A complaint may be dismissed for failure to state a claim if it fails “‘to give the defendant fair notice of what the . . . claim is and the grounds upon which it rests.'” Bell Atl. Corp. v. Twombly, 550 U.S. 544, 555 (2007) (quoting Conley v. Gibson, 355 U.S. 41, 47 (1957)). While a complaint need not contain detailed factual allegations, a plaintiff's allegations must include more than labels and conclusions. Twombly, 550 U.S. at 555; Ashcroft v. Iqbal, 556 U.S. 662, 678 (2009) (“Threadbare recitals of the elements of a cause of action, supported by mere conclusory statements, do not suffice.”). The court must determine whether the complaint contains “enough facts to state a claim to relief that is plausible on its face.” Twombly, 550 U.S. at 570. “A claim has facial plausibility when the plaintiff pleads factual content that allows the court to draw the reasonable inference that the defendant is liable for the misconduct alleged.” Iqbal, 556 U.S. at 679. Although the plausibility standard is not equivalent to a “‘probability requirement,' . . . it asks for more than a sheer possibility that a defendant has acted unlawfully.” Iqbal, 556 U.S. at 678 (quoting Twombly, 550 U.S. at 556). “[W]here the well-pleaded facts do not permit the court to infer more than the mere possibility of misconduct, the complaint has alleged-but it has not ‘show[n]'-that the pleader is entitled to relief.” Iqbal, 556 U.S. at 679 (quoting Fed.R.Civ.P. 8(a)(2)); see also Hill v. Lappin, 630 F.3d 468, 470-71 (6th Cir. 2010) (holding that the Twombly/Iqbal plausibility standard applies to dismissals of prisoner cases on initial review under 28 U.S.C. §§ 1915A(b)(1) and 1915(e)(2)(B)(i)).

         To state a claim under 42 U.S.C. § 1983, a plaintiff must allege the violation of a right secured by the federal Constitution or laws and must show that the deprivation was committed by a person acting under color of state law. West v. Atkins, 487 U.S. 42, 48 (1988); Street v. Corr. Corp. of Am., 102 F.3d 810, 814 (6th Cir. 1996). Because § 1983 is a method for vindicating federal rights, not a source of substantive rights itself, the first step in an action under § 1983 is to identify the specific constitutional right allegedly infringed. Albright v. Oliver, 510 U.S. 266, 271 (1994).

         III. Immunity

         Plaintiff sues Defendant Judge William Kelly and Defendant Prosecutors Early, Grimes, and Becker. Defendants are entitled to immunity for their actions.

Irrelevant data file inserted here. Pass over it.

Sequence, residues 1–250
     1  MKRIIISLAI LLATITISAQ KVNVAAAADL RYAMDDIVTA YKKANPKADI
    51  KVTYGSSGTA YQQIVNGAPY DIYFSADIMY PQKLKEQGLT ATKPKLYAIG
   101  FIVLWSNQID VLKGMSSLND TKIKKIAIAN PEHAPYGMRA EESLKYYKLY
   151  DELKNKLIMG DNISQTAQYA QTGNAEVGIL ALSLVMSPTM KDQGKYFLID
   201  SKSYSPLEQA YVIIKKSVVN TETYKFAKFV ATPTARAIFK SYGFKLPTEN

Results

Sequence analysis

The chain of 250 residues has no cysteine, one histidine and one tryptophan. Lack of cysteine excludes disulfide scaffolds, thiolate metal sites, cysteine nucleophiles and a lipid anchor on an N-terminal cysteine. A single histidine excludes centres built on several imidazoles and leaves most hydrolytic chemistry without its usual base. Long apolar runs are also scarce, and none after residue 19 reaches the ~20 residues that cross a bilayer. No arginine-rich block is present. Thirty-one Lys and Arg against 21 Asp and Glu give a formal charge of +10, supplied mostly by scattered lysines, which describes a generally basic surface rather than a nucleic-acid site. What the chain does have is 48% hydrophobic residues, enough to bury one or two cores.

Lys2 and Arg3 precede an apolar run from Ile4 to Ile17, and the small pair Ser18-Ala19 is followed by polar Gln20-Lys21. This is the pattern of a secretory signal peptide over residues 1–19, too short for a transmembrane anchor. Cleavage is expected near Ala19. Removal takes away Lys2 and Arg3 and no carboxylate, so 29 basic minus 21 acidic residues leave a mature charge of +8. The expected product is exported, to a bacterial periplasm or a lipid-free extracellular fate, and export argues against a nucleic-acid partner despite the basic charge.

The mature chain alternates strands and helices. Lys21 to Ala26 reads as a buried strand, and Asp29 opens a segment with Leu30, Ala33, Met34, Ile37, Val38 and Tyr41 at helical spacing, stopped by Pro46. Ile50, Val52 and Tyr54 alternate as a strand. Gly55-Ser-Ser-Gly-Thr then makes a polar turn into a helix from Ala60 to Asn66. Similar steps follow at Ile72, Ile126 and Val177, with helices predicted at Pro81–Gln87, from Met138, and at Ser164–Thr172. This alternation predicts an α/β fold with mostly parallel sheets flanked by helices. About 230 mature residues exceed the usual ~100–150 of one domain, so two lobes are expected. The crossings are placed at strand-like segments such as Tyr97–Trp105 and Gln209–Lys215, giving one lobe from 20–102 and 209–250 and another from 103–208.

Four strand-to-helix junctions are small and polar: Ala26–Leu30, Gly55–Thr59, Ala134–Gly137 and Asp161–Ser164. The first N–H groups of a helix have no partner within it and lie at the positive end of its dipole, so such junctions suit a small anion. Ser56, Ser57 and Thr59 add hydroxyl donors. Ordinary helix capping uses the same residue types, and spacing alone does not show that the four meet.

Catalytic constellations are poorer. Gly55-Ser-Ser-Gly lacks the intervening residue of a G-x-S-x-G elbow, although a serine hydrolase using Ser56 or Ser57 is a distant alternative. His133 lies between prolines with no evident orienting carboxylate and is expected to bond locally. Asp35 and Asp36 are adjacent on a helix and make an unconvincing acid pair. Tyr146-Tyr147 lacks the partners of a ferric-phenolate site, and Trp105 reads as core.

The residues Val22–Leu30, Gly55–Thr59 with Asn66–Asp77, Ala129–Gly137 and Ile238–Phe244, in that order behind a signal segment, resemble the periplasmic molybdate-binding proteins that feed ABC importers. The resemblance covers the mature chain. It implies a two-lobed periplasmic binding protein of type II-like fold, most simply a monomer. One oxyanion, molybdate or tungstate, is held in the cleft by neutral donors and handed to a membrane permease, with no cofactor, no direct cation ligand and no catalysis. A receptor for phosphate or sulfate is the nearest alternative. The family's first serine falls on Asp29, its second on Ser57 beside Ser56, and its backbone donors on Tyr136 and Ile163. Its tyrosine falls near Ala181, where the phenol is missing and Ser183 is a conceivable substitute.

Plaintiff claims that Judge Kelly violated his due process rights when he signed the warrant based on a false affidavit when he improperly bound Plaintiff over for trial. Generally, a judge is absolutely immune from a suit for monetary damages. Mireles v. Waco, 502 U.S. 9, 9-10 (1991) (“[I]t is a general principle of the highest importance to the proper administration of justice that a judicial officer, in exercising the authority vested in him, shall be free to act upon his own convictions, without apprehension of personal consequences to himself.”) (internal quotations omitted); Barrett v. Harrington, 130 F.3d 246, 254 (6th Cir. 1997); Barnes v. Winchell, 105 F.3d 1111, 1115 (6th Cir. 1997). Absolute judicial immunity may be overcome in only two instances. First, a judge is not immune from liability for non-judicial actions, i.e., actions not taken in the judge's judicial capacity. Mireles, 502 U.S. at 11; see Forrester v. White, 484 U.S. 219, 229 (1988) (noting that immunity is grounded in “the nature of the function performed, not the identity of the actor who performed it”). Second, a judge is not immune for actions, though judicial in nature, taken in complete absence of all jurisdiction. Id. at 12.

         Plaintiff's allegations clearly fail to implicate either of the exceptions to judicial immunity. There is no doubt that signing a warrant and determining whether to bind a defendant over for trial after a preliminary examination were judicial acts and that Judge Kelly was acting within his jurisdiction in taking those actions. Accordingly, Judge Kelly is absolutely immune from liability. Because Judge Kelly is clearly immune from liability ...